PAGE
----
Keeping the Colorado Convention Center closed for most of 2020 cost "far more than expected," Richard Scharf, the president and CEO of Visit Denver, told Axios.
By the numbers: The economic impact of lost convention center business and related hotel bookings last year topped a whopping $720 million.
- This year looks rough, too. The city-owned megavenue has already lost at least 152 vendors — a blow of about $392 million.
Why it matters: Denver's largest meeting space serves as a major economic driver for the downtown district, hosting hundreds of events each year for thousands of people who put their pennies into hotels, shops and restaurants.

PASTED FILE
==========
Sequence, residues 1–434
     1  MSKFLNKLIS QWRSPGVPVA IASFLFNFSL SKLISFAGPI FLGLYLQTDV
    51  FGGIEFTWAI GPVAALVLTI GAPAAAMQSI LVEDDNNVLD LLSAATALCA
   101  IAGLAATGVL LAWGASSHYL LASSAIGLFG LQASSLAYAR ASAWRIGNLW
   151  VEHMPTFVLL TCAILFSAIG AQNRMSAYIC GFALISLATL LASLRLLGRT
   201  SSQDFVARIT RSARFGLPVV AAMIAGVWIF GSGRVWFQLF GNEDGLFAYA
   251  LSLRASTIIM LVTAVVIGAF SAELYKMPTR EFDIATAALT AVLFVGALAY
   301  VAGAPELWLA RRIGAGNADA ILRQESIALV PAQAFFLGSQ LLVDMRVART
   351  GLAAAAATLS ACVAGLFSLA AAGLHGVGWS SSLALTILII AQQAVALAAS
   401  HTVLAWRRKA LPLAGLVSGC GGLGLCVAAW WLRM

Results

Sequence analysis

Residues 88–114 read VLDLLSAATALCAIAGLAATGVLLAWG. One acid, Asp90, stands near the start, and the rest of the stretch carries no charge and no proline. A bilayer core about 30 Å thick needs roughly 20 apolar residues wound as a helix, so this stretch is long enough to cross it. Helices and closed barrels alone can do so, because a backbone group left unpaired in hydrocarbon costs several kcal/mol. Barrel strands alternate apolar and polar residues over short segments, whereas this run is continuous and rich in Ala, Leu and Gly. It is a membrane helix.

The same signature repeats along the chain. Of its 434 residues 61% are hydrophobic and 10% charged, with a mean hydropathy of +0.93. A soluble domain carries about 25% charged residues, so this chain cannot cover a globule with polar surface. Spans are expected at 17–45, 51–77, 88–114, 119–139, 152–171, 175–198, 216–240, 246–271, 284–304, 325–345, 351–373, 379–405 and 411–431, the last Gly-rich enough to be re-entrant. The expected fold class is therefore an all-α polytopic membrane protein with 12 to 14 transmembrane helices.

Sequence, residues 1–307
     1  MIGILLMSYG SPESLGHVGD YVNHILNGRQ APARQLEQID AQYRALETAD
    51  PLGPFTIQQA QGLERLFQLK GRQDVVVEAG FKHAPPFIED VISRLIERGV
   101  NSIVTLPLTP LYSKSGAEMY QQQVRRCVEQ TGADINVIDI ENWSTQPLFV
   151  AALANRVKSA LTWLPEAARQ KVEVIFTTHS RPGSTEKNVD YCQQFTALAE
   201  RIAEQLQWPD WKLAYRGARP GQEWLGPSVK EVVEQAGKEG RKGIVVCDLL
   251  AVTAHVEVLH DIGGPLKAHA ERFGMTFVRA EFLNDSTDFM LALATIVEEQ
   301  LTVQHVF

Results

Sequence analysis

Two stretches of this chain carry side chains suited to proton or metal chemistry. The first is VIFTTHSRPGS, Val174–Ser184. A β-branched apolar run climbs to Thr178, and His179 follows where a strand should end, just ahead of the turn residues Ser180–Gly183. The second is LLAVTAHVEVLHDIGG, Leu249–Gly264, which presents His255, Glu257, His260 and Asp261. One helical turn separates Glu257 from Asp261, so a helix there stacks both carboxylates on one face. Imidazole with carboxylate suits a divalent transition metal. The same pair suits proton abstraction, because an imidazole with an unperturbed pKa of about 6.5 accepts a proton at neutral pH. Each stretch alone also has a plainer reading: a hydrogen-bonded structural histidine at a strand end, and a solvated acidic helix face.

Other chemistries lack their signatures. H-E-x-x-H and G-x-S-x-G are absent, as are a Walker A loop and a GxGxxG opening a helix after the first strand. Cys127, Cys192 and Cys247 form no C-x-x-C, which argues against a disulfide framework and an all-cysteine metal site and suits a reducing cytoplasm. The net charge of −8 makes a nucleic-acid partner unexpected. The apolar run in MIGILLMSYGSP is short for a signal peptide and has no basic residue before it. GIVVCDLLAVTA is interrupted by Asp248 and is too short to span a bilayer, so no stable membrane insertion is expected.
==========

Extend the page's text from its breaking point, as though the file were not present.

Context: Last April, Gov. Polis repurposed the Convention Center into a COVID-19 overflow hospital, "essentially canceling all conventions for the remainder of the year," Scharf said. The alternate care site was never needed.
The good news: The convention center plans to resume hosting events as early as May, Scharf said.
- The Outdoor Retailer Summer Market, a major event, returns in August.
Plus: The years-delayed $233 million expansion — which includes another 80,000 square feet in meeting space and a new rooftop terrace — remained on track during the pandemic.
- Officials are now boasting "definite plans" to break ground in June and open in late 2023.
The big picture: The pandemic is fueling competition among cities of all sizes to build bigger, better event spaces, meaning convention tourism could be the next big push to revitalize local economies, the New York Times reports.
This story first appeared in the Axios Denver newsletter, designed to help readers get smarter, faster on the most consequential news unfolding in their own backyard.
More Denver stories
No stories could be found
Get a free daily digest of the most important news in your backyard with Axios Denver.